At about 9:00 this morning I saw what I believe was a Clay-colored Sparrow, by the maintenance area just west of the Bercut corral. I was struck by the bold buffy superciliam, and the unmarked gray nape. I did not see the rump. Shortly after the bird flushed, I saw the female-type Summer Tanager described by Brian Fitch in the same area.

Rob Cullison showed up but we were unable to re-find either bird. A Lincoln Sparrow then popped up in the maintenance area just as we were talking about seeing them there in previous years. We circled back about an hour later but it was pretty quiet by then.

Earlier, I saw 2 foxes at Middle Lake.

Kevin Liberg
San Francisco


Rose-breasted Grosbeak, etc.

Dan Murphy
 

A first fall Rose-breasted Grosbeak was eating berries at the NW corner of North Lake In GGP this morning.  Also at North Lake was a Hairy Woodpecker in the woodlot across the street from the grosbeak and another at the SW end of the lake.  There were a few other common migrants.  Middle Lake was quite dead, with only a few common migrants and a Belted Kingfisher.  Stow Lake featured a female Pintail and 2 Band-tailed Pigeons.

Good birding,
Dan Murphy





[Non-text portions of this message have been removed]


Summer Tanager continues

Mark Eaton
 

The adult male SUMMER TANAGER continues at the west end sex club, a.k.a the hedges between the soccer fields and the maintenance yard. The bird was quite shy and you needed to climb the little ridge between the pedestrian pathway along the Great Highway and the maintenance yard, right in the middle of the club, shall we say.

Mark
---
Mark Eaton
mark@markeaton.org


Lewis's Woodpeckers etc.

Alan Hopkins
 

There were two Lewis's Woodpeckers flying over the Simonds Loop Area in the Presidio, I don't think they stopped. I also saw a Robin-sized black bird with a white rump land in a eucalyptus near the Letterman Center. I did not notice any white in the wing. There was also a fly-by Western Kingbird and a small flock of Vaux's Swifts.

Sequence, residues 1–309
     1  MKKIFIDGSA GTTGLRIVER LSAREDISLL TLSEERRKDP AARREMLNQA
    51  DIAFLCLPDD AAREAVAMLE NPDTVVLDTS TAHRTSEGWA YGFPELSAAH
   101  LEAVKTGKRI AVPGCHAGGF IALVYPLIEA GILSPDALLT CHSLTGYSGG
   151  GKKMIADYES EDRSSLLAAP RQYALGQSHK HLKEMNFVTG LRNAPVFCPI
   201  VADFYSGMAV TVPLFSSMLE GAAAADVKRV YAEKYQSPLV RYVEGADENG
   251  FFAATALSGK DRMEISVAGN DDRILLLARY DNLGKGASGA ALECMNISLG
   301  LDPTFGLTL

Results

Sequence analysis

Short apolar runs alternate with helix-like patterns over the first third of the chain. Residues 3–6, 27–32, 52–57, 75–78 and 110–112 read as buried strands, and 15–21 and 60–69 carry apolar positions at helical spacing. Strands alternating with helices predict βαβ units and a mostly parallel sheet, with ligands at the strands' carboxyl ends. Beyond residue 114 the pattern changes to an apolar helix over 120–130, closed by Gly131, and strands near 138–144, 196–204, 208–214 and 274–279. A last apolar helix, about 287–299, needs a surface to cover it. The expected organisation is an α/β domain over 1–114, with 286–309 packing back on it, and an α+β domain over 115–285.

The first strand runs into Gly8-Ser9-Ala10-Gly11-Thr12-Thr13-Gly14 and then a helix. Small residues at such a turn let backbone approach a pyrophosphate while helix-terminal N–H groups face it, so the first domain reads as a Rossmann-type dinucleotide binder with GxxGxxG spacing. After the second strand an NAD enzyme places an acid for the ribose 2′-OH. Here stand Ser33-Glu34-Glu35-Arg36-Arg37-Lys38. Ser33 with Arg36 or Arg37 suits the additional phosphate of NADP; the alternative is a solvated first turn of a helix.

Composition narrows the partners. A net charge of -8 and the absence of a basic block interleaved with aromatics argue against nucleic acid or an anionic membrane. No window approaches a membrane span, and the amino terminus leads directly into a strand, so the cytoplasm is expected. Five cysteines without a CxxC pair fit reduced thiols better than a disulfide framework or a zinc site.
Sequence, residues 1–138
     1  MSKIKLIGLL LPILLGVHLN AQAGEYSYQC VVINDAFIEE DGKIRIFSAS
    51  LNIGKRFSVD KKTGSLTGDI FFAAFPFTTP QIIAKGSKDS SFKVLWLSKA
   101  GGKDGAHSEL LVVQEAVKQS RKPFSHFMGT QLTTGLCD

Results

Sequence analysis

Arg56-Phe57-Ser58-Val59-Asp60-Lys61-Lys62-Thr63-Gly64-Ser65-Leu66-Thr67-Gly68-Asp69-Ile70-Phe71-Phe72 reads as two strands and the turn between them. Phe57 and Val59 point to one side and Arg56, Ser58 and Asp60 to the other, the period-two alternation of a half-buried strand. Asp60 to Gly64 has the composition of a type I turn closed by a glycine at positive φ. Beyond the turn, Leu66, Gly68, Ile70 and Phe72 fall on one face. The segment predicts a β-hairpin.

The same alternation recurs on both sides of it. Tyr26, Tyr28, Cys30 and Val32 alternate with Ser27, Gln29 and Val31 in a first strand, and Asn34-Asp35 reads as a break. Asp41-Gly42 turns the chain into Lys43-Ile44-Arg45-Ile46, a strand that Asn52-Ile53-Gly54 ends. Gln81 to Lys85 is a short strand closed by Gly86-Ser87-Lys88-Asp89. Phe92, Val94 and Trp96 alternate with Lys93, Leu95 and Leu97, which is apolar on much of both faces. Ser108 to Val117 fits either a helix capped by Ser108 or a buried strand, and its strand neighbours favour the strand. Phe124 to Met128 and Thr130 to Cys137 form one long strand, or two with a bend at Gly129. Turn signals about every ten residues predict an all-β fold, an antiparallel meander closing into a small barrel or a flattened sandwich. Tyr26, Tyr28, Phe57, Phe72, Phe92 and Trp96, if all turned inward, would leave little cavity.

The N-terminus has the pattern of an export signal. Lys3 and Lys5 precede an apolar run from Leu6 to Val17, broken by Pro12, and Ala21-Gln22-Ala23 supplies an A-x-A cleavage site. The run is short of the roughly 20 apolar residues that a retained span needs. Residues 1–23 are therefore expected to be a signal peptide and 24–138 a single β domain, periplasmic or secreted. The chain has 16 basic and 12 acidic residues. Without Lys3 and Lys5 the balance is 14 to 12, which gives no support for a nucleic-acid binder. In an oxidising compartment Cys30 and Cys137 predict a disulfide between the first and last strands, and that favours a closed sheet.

This morning at Lake Merced there was a single male Wood Duck on the enclosure and a Tennessee Warbler at MH2.

Mark Eaton and I scoped Battery Godfry but few birds crossed in the hour we were watching.

Alan Hopkins


Luke Cole Challenge - Marin to SF

Eddie Bartley
 

From a rather hot Hawk Hill perch Noreen and I watched a few uncommon
species travel into SF air space and eventually to SF land over a couple of
hours yesterday. About 20 - 30 BLACK SWIFTS continued on mixed in with many
hundreds of Vaux's. Followed one OSPREY over the gate along with many
accipiters and Red-tails. Picked up on a MERLIN coming from Mt. Tam as it
flew at break neck speed over Alcatraz then hit land at Aquatic Park
flapping like mad the whole time. Several large flocks of Band-tails made
the passage. A PEREGRINE FALCON perched on the north tower. The only other
uncommon birds were several BROAD-WINGED HAWKS none of which were witnessed
by us to make the crossing. We spent a couple of hours on the slopes of Mt.
Tam trying for Spotted Owl but dipped on that.

Don't know whether that helps the SF list for the challenge or not but this
was our two cents.

Happy Trails!

Eddie Bartley


Round-up highlights East GGP 9/26/09 - Sabine's Gull, Black-chinned Hummingbird

Dominik Mosur
 

This morning I teamed with Andrew Rush and Pat McCulloch, birding Buena Vista and East Golden Gate Park.

The highlight of our day came around 9:30 a.m. when we saw a first year SABINE'S GULL land on the lake near the island in the northeast corner of Stow Lake. Having only seen this bird before on a pelagic trip out of Monterey it was quite a treat for me and Andrew and a life bird for Pat. The Sabine's Gull appeared to linger for only a few minutes, taking a drink and then flying off.

A couple of hours later, while birding the John Muir pond in the west end of the Strybing Arboretum, Andrew and I both got on a small, green-backed, female/immature type hummingbird that showed some of the field marks of a BLACK-CHINNED HUMMINGBIRD.

This hummingbird appeared smaller and slimmer than an Anna's, with cleaner/paler gray underparts that contrasted more with the upperparts than on an adult Anna's. What really got our attention, and eliminated the possibility of a newly hatched Anna's Hummingbird (which was my initial thought) was the long, down-curved appearing bill.